' ' Cinema Romantico: Some Drivel On...Two Lovers

Tuesday, April 14, 2020

Some Drivel On...Two Lovers

In the wake of “Joker” when everyone was rolling out the meme of Joaquin Phoenix’s aspirant standup comic in makeup dancing down those Bronx steps, the art house snobs, of which I am a card-carrying member, rebutted with their own, more infrequent meme, culled from Phoenix’s magnificent “Two Lovers” (2008) in which his character goes out dancing at the club and brings the house down, opening with the robot and leading into the worm. It elicits euphoria out of context but in the context of the movie itself it comes out of nowhere, this young guy, Leonard, living at home with his aged Jewish parents in Brighton Beach, working at his pops’s dry cleaning shop, suffering emotional problems, commandeering the dance floor. It is evocative not only of Leonard’s erratic nature but how Phoenix, in his greatest performance, honors it, truly giving a turn worthy of the familiar acting descriptor of Unpredictable. When Leonard suddenly realizes he’s trailing his neighbor Michelle (Gwyneth Paltrow), the woman he takes out dancing, on the sidewalk, Phoenix has Leonard fall into this awkward version of a cock of the walk strut, truly evincing a man following the instantaneous, oft-conflicting signals of brains, the same ones leading him to jump into Sheepshead Bay in a spur-of-the-moment suicide attempt as the film opens before calling it off underwater and kicking back to the surface, literally plunging us into his discombobulated headspace.

This sort of emotional oscillation befits the film’s premise, evoked right there in the movie’s title, “Two Lovers”, the aforementioned Michelle, his neighbor, “who represents,” as the esteemed Roger Ebert wrote, “so many problems she should almost dress by wrapping herself in that yellow tape from crime scene investigations”, and Sandra (Vinessa Shaw) who, much like her father’s yearning to buy Leonard’s father’s dry cleaning store will provide them some security, seeks to provide emotional security for Leonard too. In their scenes together, Shaw really looks at Phoenix, and if he sometimes looks back, he also frequently seems look around her, if not away from her entirely. Paltrow, meanwhile, looks at Leonard like someone who is both listening intently and retaining nothing, a life’s flash, underscoring her character. Indeed, Leonard, in the movie’s looping logic, wants to take care of Michelle as much as Sandra wants to take care of him, an absurd proposition given his mental problems, which are oblique in specifics but prominent nonetheless. For him, Michelle is a fantasy, glimpsed in an excursion to meet her and her (married) male suitor (Elias Koteas) in Manhattan, which director James Gray conveys as a faraway land of enchantment, underscored in Henry Mancini’s accompanying Lujon and shots that seem to be from out a cab window, like a tourist speeding by. Those shots approximate how Leonard and Michelle sometimes converse, through the window.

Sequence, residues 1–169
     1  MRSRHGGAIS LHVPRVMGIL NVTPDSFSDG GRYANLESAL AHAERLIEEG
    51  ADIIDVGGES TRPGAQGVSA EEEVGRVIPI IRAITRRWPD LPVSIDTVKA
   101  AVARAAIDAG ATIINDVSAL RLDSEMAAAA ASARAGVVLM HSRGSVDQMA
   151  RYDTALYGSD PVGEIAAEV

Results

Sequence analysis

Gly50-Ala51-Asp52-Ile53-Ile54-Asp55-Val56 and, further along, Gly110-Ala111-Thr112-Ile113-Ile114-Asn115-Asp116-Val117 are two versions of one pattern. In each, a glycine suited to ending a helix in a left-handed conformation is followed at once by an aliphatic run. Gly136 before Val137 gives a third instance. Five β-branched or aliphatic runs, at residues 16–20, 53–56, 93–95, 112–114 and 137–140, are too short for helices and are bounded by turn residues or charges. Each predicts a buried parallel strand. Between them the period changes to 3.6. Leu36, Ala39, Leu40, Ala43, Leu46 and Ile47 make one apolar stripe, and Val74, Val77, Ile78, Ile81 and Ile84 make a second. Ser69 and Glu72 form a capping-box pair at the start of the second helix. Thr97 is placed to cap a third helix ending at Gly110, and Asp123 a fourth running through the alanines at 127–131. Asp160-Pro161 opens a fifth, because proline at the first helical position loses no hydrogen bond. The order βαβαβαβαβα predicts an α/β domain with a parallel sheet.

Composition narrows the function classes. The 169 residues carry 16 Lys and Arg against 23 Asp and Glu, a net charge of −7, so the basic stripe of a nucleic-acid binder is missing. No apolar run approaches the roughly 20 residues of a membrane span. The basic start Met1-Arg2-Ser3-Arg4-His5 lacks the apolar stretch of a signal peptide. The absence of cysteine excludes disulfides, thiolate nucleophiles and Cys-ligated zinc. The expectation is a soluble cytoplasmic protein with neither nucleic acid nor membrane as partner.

Their windows, looking at one another across their apartment’s building courtyard, underlines the movie’s acute sense of setting, illustrating how it’s opening a window into a whole other world. That world is contrasted against his parents’ apartment, carefully curated to effuse a warm and lived-in sense, while Leonard’s bedroom is this space in-between, chock full of stuff, as Sandra notes, but also never completely seen in a master shot, allowing us to fill in the blanks with our imagination. In that way, it’s akin to a little boy’s room, brought home in the light cast by the fish tank and the small desk lamp, and denotes the sense of him trying to decide whether to flee out the window, metaphorically speaking, into some adventure or accept the responsibility waiting on the other side of his door.

Yet if Michelle suggests fantastical escape, Gray and his cinematographer Joaquin Baca-Asay simultaneously question that idea with the colors they choose to shoot the majority of Leonard and Michelle’s scenes, often outdoors and in a blue underlining the wintry chill where even a rooftop love scene feels less romantic than painfully raw. These colors are juxtaposed, then, against the warmer earth tones in scenes of Leonard’s home life and opposite Sandra. At the same, though, emblemizing Leonard’s emotional dilemma, those colors and what they mean begin to run. Though the bar mitzvah of Sandra's little brother is recounted in more comfy hues, it is interrupted by a phone call from Michelle, reaching into his world. Likewise when Leonard has lunch with Sandra later, the table is set against a window, casting them in a frigid light mirroring how his mind remains on Michelle rather than the one he is with.

Unable to keep them apart, the two relationships blur and eventually intersect when Leonard, planning to run away with Michelle, buys an engagement ring. She stands him up, alas, which leads him back to Sandra, putting the ring on her finger instead. And it’s strange. I distinctly remember how melancholy that moment seemed the first I watched it, like a sadistic twist on happy ever after. This time, though, helped along by Shaw’s reaction and Phoenix’s trembling sincerity, I saw it anew, not as an ominous act of settling but a poignant evocation of truly being in love with two people.

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